There is no doubt that Dragon Ball Z: Budokai Tenkaichi 3 is a curious thing. Like Morris dancing or Bollywood movies, it plays by a whole different set of rules to the ones we are used to here. I say 'here' specifically meaning New Zealand, but really I'm talking the Eastern-Western thing. When I fed the disk to the machine, I was expecting a standard fighting game, the kind that we're all familiar with. I wanted to choose or build my character; I was going to call him Blazer because I'd just seen Dodgeball on the weekend - funny stuff. I wanted to be walked through a few simple, winnable fights that taught me some of the basic combos and maybe even one big special attack, and I wanted to be impressed by flashy, smooth, detailed graphics. In short I wanted that typical western hook, a game that grabbed me in the fist couple of minutes before my attention span demanded I text someone random or go on Bebo or whatever. But I got none of that, and I was disappointed.
To begin with Dragon Ball Z: Budokai Tenkaichi 3 is totally faithful to all the Anime and Manga that has come before it. It is supposed to look like an animated series from the 90s and it does. Secondly the opening menu screen is pretty extensive, to say the very least, and has very little indication where you should go first. There are story modes, tournaments and single player battles as well as training simulators and stores. There is also a comprehensive character reference library with pen portraits of the 150+ playable characters.
That's right, over 150 playable characters. Of course many of the characters are locked to begin with but right from the start you have a lot of choices. To begin with you might want to play as Dragon Ball's main character Goku, or perhaps as his son Gohan. But then you get to choose to play as either character as a child, a teen, an adult or even in an enhanced or mutated form, all depending on which version of Dragon Ball is your favourite. In fact the main difference between Budokai Tenkaichi 3 and the earlier versions is the continual addition of playable characters.
Then you have to decide what mode to play. Probably your best bet is to start out fighting a Duel. Here you choose between one player or two player modes in either one-on-one or team battles. The basic controls are pretty simple. The four PlayStation buttons control punch, ranged attacks, blocks and the dash. The dash button allows you to either evade an attack or move in close for the kill. The right triggers let you fly up or down while the left triggers let you charge up your power attacks. All simple stuff and enough to get you dashing around the numerous and diverse maps, made even more numerous by allowing you to choose either to fight at night, in the day or at twilight.
The basic controls are simple but, like many of the fighting sims designed for the Asian markets, they only scratch the surface of a complex combat system. After losing a few duels you may be inclined to have a look at the training mode. It is here the subtleties of the game begin to become apparent. For example, you press 'O' to block an attack. Then you press up or down on the directional pad to guard against attacks aimed at a specific area. Then there are the blast attacks that require a double tap on the left trigger to guard against. So, relying on the basic block will not work for long and will eventually leave you on the end of a quick and decisive beating.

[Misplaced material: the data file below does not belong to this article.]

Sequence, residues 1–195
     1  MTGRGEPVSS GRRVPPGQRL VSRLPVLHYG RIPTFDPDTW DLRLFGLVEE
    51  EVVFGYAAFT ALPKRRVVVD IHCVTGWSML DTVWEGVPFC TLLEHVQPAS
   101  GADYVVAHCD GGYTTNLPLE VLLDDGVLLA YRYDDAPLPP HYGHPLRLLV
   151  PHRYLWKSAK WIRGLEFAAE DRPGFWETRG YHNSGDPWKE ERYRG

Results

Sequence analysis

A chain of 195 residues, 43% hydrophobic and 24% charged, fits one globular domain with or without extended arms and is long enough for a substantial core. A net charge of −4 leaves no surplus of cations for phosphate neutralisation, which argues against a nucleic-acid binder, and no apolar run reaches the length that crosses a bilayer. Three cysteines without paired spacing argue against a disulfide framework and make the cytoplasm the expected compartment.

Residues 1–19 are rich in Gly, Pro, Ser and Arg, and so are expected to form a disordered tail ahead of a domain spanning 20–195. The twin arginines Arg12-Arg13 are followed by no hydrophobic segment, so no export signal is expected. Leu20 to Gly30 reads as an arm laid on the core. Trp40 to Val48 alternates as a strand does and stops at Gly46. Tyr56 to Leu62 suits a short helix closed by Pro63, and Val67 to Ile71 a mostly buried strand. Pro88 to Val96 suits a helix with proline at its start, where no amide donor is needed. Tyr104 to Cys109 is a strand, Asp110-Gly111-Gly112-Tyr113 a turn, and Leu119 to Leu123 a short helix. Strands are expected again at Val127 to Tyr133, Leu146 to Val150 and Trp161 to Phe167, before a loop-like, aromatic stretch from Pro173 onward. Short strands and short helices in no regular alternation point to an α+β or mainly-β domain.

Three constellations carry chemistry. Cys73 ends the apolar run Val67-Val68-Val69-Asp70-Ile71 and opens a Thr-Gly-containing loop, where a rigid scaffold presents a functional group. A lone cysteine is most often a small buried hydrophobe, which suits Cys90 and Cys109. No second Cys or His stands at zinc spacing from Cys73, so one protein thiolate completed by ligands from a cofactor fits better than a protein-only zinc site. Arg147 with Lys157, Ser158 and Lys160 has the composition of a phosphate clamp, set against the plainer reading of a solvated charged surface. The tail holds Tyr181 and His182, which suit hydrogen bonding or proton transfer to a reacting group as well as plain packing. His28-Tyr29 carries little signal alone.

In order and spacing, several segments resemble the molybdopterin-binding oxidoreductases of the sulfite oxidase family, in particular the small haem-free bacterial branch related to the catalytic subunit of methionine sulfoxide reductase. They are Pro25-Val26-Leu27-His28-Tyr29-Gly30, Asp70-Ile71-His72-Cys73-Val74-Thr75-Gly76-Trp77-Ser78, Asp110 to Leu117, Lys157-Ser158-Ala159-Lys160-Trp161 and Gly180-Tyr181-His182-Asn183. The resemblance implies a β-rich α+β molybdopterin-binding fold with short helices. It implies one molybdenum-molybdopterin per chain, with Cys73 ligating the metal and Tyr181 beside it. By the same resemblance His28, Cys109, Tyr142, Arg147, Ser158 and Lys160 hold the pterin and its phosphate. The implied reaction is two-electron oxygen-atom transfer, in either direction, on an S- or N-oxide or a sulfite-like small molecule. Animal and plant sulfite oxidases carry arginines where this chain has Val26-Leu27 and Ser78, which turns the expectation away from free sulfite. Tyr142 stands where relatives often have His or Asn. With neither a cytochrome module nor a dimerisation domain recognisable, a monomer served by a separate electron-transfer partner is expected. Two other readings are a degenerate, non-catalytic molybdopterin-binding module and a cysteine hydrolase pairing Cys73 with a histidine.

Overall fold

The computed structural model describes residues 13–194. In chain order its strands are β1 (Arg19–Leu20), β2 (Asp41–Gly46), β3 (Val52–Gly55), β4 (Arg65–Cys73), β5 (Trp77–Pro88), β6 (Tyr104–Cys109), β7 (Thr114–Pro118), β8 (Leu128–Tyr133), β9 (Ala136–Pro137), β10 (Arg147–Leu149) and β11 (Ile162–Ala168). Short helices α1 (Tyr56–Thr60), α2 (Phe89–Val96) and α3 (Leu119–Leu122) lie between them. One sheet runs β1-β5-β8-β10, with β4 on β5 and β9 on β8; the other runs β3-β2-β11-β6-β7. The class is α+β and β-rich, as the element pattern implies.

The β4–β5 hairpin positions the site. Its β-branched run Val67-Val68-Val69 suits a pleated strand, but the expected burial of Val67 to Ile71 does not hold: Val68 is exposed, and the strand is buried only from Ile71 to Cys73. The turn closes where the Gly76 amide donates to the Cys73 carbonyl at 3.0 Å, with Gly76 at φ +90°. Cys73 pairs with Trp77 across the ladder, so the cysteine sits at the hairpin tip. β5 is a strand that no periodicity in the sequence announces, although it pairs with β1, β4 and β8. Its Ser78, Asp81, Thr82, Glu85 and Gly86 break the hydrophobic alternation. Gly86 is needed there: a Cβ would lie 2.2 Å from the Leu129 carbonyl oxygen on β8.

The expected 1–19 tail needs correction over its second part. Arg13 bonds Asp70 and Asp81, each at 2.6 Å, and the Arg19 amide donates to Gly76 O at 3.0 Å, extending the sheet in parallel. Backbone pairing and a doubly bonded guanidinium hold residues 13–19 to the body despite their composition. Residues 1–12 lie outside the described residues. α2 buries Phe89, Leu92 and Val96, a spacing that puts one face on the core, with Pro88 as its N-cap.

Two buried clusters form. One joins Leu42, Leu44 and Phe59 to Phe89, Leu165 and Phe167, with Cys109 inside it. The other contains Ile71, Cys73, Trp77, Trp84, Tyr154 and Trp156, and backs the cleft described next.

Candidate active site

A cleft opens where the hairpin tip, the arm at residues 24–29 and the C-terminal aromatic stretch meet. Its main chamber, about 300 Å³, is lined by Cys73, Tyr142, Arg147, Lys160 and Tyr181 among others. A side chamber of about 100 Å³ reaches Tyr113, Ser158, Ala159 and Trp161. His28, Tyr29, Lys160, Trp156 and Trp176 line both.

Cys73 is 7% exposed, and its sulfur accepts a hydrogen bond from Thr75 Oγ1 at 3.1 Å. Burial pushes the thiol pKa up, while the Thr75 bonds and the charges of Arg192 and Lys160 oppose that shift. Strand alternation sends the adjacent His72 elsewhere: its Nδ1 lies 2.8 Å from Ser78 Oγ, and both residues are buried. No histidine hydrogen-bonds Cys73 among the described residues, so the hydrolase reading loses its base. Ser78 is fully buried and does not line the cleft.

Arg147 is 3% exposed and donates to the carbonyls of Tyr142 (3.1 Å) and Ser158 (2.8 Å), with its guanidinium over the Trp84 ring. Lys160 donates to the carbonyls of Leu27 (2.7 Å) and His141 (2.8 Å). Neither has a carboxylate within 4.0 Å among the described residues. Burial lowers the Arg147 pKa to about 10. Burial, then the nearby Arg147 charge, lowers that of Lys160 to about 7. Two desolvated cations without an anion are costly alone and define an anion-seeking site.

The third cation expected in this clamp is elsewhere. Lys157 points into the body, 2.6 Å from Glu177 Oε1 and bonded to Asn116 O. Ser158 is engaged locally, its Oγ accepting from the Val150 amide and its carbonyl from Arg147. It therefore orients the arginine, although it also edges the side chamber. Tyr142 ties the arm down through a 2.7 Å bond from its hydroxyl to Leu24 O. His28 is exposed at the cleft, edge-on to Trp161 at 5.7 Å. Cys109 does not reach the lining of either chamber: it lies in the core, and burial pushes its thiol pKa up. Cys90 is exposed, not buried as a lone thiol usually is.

The same can be said for controlling your attacks. You can treat the game as a button masher, using your basic attack buttons to fire off as many blast and smash attacks as possible. This may win you a few early fights but will quickly be found wanting. To succeed you will need to master not only Blast 1, but also Blast 2 and the Ultimate Blast functions - and while these are all taught in the basic training mode, there's still the intermediate and advanced trainers to get through.
Training will also add to your Z ratings, essentially raising your attack and defence stats. You will need these when you enter the Dragon World Tour - the game's tournament mode. Or you can select Dragon History - a different take on the typical fight sim story option. While the tournament mode is self explanatory, and pretty difficult, the story mode is a pretty neat variant on the standard theme. Dragon History will take you through many key match-ups from the television series, beginning with Goku teaming up with his old enemy Piccolo to fight Goku's brother Raditz in the Saiyan Saga.
For Dragon Ball fans this game is a treasure trove. Me, I was more a Sailor Moon guy (they had much better... ah... stories). But Dragon Ball Z: Budokai Tenkaichi 3 has so much depth that it is hard to dismiss it as a typical cash-in on a popular franchise. The original Dragon Ball was based on the ancient Chinese Monkey King legend, with Goku the monkey king, Piggy and Sandy protecting a priestess on a mythical quest. Dragon Ball quickly evolved from this familiar premise to become something unique, and quickly turned into a phenomenon in world popular culture. Dragon Ball Z: Budokai Tenkaichi 3 may not be that unique, or that good, but it certainly takes a familiar theme and then moves off at strange angles, pushing ideas far more then you might initially expect, taking something familiar and, for good or bad, making it true to its own rules.